By Chadd Cripe
© 2011 Idaho Statesman
Senior wide receiver Shoemaker has become the Broncos’ big-play receiver, but not in typical fashion. He has a dozen catches of at least 20 yards and three of at least 50 yards, usually on throws of 15 to 30 yards.
The only other Bronco with a 50-yard reception this season is tailback Doug Martin.
Six of Shoemaker’s long plays have gone for TDs, including a blitz-beating 51-yarder last week.
“Sometimes it has to do with a blitz,” coach Chris Petersen said. “Kellen (Moore) will find it quickly and then if you break one tackle you’ll have a lot of space. He’s been doing a good job with it … and he’s deceptively fast in the open field.”
Shoemaker continues to line up in the slot, as he did in the past, which helps coaches create mismatches for him. He also plays some outside receiver.
“He does a great job getting open, developing lanes, finding holes and gaps in zone coverages,” Moore said. “He’s just a really smart player.”
Shoemaker has caught 11 touchdown passes in eight games this season — three short of the single-season school record set by Austin Pettis just two years ago.
“I let him know — ‘I’m definitely coming for it, so be ready,’ ” Shoemaker said. “I know it’s right there, but I’m not going to go push too hard for it because that’s when you start struggling.”
Shoemaker had a strange night Saturday in Las Vegas. He dropped at least three passes and Moore uncharacteristically missed on a few other throws in his direction.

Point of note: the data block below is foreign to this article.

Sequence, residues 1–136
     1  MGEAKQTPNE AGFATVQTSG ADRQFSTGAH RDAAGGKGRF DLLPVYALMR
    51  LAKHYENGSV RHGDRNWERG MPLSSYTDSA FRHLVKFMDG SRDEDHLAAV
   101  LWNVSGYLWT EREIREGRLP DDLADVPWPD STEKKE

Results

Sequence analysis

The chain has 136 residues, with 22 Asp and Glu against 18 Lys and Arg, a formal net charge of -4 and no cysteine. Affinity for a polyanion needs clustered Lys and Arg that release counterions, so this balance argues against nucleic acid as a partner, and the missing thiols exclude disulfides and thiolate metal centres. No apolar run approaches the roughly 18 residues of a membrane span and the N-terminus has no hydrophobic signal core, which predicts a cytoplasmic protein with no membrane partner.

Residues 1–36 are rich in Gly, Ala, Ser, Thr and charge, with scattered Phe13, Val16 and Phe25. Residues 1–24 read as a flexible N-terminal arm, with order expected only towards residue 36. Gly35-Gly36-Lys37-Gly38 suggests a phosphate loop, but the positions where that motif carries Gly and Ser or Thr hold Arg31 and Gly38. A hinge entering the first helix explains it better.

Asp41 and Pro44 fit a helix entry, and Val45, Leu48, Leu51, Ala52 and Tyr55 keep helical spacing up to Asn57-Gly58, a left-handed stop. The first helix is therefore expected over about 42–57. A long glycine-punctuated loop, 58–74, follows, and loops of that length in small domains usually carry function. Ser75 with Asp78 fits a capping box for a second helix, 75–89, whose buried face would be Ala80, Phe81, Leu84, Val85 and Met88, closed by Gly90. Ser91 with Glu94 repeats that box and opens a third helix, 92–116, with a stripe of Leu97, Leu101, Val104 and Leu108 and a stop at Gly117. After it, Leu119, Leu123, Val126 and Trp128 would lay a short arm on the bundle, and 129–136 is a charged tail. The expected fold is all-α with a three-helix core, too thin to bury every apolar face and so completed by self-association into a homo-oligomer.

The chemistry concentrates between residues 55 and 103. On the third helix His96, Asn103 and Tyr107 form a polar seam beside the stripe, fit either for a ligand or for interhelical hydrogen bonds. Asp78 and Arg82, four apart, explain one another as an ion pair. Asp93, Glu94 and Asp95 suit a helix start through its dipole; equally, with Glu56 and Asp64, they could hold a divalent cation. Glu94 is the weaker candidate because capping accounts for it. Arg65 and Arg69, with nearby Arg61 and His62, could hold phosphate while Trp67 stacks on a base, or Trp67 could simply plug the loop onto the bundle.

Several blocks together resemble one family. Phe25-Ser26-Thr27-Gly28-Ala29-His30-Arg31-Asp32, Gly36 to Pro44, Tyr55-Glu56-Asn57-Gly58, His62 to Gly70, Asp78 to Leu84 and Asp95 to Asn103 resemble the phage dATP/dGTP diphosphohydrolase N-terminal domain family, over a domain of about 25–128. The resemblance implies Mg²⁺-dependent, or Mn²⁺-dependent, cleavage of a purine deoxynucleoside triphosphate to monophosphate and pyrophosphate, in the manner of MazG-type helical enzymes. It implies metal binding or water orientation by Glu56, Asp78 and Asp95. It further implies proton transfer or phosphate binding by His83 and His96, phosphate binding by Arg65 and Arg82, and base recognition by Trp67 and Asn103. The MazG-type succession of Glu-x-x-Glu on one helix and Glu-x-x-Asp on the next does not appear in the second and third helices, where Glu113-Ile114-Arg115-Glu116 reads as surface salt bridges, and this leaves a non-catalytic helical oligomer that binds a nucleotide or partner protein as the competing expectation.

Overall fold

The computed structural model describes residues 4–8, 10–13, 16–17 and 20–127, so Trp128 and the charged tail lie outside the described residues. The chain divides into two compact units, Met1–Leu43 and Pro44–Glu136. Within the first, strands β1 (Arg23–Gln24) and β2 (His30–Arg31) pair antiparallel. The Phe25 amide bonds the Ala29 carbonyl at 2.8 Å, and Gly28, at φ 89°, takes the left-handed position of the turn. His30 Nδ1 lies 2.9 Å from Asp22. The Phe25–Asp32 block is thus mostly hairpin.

But Shoemaker finished with five catches for 102 yards and two touchdowns, including a 5-yard TD on a pass that was tipped into the air by a defender.
“Not exactly how I wanted it to go as an overall game,” he said, “but I made some plays down the stretch and we kind of got it going offensively and it was a successful night.
“… I was kind of in a funk. You’ve got to keep playing. For me, it’s kind of like the saying for basketball, for shooters: Keep shooting; it’s going to go in eventually.”
Sometimes, offensive coordinator Brent Pease said, coaches have to go a different direction when a player gets a case of the drops. Not so with Shoemaker.
“Just the way he’s been practicing, I knew he’d keep competing,” Pease said. “And he goes and makes a play in the end zone like he did.”
True freshman defensive back Lee Hightower is the Broncos’ No. 3 cornerback and backup free safety — less than a month after making his college debut.
“Lee’s doing a great job,” Petersen said. “I just really like his mentality. When you’re a young guy, you’re not going to do everything just right. What you want them to do is not play tentative. He does not play tentative.”
In fact, Hightower already is one of the team’s biggest hitters. He demolished a punt returner last week at UNLV.
“He’s fearless,” sophomore cornerback Ebo Makinde said.
It’s unusual that the Broncos have used Hightower at two positions already. He played cornerback Oct. 15 against Colorado State, then practiced at free safety for a few weeks. He started the second half at cornerback last week with Jamar Taylor injured.
“It could be overwhelming, but coach (Marcel) Yates does a good job of teaching him and coaching him and minimizing that,” defensive coordinator Pete Kwiatkowski said. “He’s a smart kid, so he’s been able to handle it.”
Brock Huard of ESPN.com wrote a compelling argument for Boise State to be ranked ahead of Alabama and considered a national championship contender this week. It’s only available to Insider subscribers, but here is the link.